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Urban India kids have higher chances of survival in 1st year | India News


Children born in urban India continue to have a much higher chance of surviving the first year than those born in rural India. The latest data on infant mortality rate (IMR) for 2019 released by the census office indicates the poor quality of maternal and child health services in rural areas as well as limited access to these.
The IMR of urban India is 20 (20 babies below one year dying out of every 1,000 babies born) compared to 34 in rural areas, showing a stagnation in the efforts to bridge the rural-urban divide. If anything, the gap has widened marginally in the five years to 2019.
While all states have narrowed the gap in IMR between rural and urban areas, the difference continues to be alarmingly high in Assam and MP, where rural areas account for 86% and 72% of the total population respectively. Odisha, Rajasthan and Gujarat have shown the most remarkable improvement in bridging the gap in IMR between rural and urban areas.

Rural Odisha had the second highest IMR of 68 in the country in 2009 while its urban IMR was 46. It steadily cut the gap to a single digit and by 2019, the rural and urban IMR were 39 and 30 respectively. Similarly, Gujarat too has significantly reduced the gap in the last decade. In 2009, the rural and urban IMRs were 55 and 33 respectively, which narrowed to 29 and 18 by 2019. The gap between rural and urban IMR (65 and 35) was the highest in Rajasthan in 2009, and its rural IMR was among the highest in India. It has not only brought down rural IMR, it has also narrowed the gap between rural and urban areas (38 and 25) by 2019, a significant improvement from where it had started.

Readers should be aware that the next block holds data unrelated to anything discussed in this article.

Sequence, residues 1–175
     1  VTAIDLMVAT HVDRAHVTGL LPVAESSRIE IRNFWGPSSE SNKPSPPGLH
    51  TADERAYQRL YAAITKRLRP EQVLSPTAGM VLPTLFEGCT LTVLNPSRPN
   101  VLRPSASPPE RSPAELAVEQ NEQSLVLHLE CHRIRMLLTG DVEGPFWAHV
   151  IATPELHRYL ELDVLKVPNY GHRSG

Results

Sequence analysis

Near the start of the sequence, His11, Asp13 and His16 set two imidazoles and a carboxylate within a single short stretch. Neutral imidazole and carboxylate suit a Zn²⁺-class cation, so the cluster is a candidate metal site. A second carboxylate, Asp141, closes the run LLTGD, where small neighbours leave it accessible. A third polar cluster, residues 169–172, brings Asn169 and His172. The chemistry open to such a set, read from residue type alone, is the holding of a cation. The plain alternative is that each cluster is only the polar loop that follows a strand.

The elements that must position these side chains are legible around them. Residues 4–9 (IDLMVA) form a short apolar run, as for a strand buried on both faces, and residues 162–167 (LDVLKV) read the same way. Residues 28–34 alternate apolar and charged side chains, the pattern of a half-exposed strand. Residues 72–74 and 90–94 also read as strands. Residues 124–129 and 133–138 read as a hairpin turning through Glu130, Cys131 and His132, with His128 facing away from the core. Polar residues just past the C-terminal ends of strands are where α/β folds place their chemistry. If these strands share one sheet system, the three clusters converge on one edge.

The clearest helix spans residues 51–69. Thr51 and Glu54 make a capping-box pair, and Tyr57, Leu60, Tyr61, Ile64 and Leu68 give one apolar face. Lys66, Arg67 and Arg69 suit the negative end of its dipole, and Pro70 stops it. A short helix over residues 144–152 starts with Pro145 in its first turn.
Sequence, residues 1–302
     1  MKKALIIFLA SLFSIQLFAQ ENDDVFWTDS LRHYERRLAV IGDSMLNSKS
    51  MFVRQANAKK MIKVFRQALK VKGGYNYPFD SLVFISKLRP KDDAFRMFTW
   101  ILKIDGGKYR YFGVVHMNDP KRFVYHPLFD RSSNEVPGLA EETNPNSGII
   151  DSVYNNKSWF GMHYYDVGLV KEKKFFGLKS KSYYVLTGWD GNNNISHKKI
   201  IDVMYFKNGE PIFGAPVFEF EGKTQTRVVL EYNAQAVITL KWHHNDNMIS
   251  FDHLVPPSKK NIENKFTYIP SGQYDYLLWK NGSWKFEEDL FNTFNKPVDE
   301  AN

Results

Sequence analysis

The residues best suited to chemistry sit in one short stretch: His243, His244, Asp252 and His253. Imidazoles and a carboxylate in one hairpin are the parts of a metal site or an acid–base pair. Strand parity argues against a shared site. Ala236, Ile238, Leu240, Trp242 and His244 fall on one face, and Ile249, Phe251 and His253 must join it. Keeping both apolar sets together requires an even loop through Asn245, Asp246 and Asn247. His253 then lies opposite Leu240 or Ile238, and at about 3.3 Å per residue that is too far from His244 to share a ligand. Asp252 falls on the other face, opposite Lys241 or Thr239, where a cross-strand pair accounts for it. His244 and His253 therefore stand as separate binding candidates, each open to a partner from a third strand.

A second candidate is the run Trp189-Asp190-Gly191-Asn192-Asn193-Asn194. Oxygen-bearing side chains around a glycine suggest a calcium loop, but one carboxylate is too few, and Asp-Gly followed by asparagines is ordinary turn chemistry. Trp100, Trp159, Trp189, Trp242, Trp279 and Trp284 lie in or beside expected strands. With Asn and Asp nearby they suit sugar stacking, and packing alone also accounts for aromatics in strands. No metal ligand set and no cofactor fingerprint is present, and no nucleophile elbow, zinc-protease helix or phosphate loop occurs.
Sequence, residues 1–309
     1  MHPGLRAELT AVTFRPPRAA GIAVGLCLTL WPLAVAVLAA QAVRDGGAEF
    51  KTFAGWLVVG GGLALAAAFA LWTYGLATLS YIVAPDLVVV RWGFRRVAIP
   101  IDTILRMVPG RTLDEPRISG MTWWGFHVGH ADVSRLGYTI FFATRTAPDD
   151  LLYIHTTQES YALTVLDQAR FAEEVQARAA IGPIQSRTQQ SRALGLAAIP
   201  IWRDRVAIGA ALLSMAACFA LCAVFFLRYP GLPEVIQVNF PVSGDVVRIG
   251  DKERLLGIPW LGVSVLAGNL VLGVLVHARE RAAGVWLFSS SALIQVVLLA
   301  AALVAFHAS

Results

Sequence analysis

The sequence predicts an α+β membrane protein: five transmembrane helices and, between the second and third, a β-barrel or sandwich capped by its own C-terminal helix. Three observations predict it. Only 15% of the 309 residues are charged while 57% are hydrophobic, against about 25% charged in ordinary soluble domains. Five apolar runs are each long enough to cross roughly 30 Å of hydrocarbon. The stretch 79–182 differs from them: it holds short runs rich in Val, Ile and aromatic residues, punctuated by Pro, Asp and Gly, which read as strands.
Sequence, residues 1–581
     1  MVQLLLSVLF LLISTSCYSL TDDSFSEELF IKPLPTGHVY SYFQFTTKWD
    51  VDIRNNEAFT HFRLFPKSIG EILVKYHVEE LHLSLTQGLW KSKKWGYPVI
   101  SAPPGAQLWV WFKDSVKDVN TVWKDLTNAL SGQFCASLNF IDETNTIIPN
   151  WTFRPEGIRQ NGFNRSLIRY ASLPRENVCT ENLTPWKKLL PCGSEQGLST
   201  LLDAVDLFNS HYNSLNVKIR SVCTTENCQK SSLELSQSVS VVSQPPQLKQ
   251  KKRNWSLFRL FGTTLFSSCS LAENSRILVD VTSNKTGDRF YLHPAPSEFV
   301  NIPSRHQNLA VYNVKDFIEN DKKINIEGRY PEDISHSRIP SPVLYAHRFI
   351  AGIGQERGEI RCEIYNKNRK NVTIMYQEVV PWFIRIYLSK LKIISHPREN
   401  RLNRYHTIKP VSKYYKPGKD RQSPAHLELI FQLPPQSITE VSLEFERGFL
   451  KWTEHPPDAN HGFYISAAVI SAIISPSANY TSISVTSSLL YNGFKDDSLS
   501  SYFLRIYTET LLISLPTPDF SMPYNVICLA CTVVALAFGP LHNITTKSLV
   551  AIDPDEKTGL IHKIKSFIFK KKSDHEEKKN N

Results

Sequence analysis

Rural MP continued to have the highest IMR in the country in 2009 (72), 2014 (57) and 2019 (50). Though an IMR of 57 in 2014 was a huge improvement over 72 in 2009, by 2019 the pace of improvement had slowed down as rural IMR came down to just 50 in 2019. Moreover, the rural-urban gap remained the second highest after Assam, which also showed little progress in bridging the gap.
Several states have reduced the rural-urban gap in infant survival to single digits. The gap remains in double digits and almost unchanged between 2014 and 2019 in UP, where 78% of the population lives in rural areas. While better urban IMR in a state shows what is possible with the availability of better healthcare, even the urban IMR of many of these laggard states is higher than the rural IMR of better performing states, an indication of how far these states have to go.

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